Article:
I think I have an obsession with oat milk (and no, it does not have anything to do with Joaquin Phoenix).
Ramble of the Day
I imagine reading about Son Heung-min’s injury, and the mystery of his possible return date, felt a bit like bad news that came out of nowhere, made you feel it was ironically funny, but it mostly knocked any level of positivity out of you.
What tends to follow is lonely suffering before the world and your team eventually moves on in a mood of frustration but helplessness. There is no loud period of outrage and despair usually, but manager José Mourinho seemed to have other plans.
For starters, his description of finding out the news was as dramatic as it comes.
#thfc Mourinho really laying it on thick over Son's injury.— Dan Kilpatrick (@Dan_KP) February 18, 2020
"The first thing [when we heard the news] was to break our hearts. The second thing was to break our team."
Really, though, he was just being more blunt than the average manager in a time like this. He was so sharp, it was surprising — but not far from general human emotion. Maybe Mourinho will move on to frustrating, but quiet, helplessness; he just wasn’t there when at the time he was scheduled to talk to people.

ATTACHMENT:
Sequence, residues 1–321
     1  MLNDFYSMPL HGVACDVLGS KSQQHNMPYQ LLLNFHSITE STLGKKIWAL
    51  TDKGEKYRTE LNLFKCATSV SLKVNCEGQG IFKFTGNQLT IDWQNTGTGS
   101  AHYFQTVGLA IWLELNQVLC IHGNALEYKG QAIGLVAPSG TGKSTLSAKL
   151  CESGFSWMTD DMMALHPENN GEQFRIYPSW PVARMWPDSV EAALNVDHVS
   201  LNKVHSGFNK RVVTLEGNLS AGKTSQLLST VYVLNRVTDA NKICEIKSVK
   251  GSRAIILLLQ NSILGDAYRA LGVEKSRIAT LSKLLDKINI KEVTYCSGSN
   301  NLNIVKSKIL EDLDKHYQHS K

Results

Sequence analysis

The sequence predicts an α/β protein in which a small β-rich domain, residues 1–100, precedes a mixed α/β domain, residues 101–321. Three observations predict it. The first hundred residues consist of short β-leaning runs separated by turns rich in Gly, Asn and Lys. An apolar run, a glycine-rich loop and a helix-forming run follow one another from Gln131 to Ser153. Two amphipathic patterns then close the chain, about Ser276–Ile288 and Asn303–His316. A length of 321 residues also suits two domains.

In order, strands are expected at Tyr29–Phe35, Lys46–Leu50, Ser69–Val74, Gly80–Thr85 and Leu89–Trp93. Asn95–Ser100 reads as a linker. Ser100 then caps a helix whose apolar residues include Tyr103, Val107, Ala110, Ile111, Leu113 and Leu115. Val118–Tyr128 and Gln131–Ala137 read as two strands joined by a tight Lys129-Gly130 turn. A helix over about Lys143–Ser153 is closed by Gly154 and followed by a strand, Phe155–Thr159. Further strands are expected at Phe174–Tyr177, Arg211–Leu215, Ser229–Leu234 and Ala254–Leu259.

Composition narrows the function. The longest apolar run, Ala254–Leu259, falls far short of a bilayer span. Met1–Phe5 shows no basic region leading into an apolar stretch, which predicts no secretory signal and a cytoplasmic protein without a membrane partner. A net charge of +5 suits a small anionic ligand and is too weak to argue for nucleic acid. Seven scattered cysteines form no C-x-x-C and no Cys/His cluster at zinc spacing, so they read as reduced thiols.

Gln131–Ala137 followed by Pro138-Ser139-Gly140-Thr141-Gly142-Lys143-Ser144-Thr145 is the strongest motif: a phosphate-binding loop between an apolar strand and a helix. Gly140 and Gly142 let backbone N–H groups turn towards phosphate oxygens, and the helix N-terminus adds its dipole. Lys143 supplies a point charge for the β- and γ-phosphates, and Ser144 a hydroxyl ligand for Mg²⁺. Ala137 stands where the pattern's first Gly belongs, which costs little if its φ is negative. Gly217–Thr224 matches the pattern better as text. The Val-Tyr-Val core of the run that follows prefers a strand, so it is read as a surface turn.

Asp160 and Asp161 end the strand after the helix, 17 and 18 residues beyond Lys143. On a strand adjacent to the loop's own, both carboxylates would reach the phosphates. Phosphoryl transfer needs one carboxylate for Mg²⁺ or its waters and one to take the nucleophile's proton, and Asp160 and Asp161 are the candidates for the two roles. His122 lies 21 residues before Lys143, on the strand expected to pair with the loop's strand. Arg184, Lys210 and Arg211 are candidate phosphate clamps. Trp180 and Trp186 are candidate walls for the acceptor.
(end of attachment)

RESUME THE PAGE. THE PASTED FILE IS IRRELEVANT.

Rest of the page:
Mourinho: "I like analogies. When we arrived, we were -12 [from 4th]. We started climbing the stairs but the stairs immediately broke. We found a way, we start climbing & 11 floors up, when we arrive on 4th floor, someone took the stairs away!"— Dan Kilpatrick (@Dan_KP) February 18, 2020
He’s not wrong to be so dark about it; in fact, I encourage the inoffensive honesty of his comments. Mostly, though, I like that he allowed for a period of despair before the tinkering he’s going to have to do — and the work everyone’s taking to imagine what he might end up doing.
tl;dr: Just a little acknowledgment of José Mourinho’s embrace of despair after the news of Son Heung-min’s injury.
Links of the Day
Ron Jans resigned as the FC Cincinnati manager after being reported by players for using a racial slur, and after allegations that the incident was part of a series of similar ones.
Three Swansea youth players and a coach were diagnosed with the mumps amid an outbreak in the UK, but the club says they have recovered.
David Squires remembers England’s 4-2 victory over Spain 33 years ago in his latest cartoon.
Today’s longer read: Vanessa Espinoza on how gender roles can impact people’s view on football, and how through football they see the rest of the world for Unusual Efforts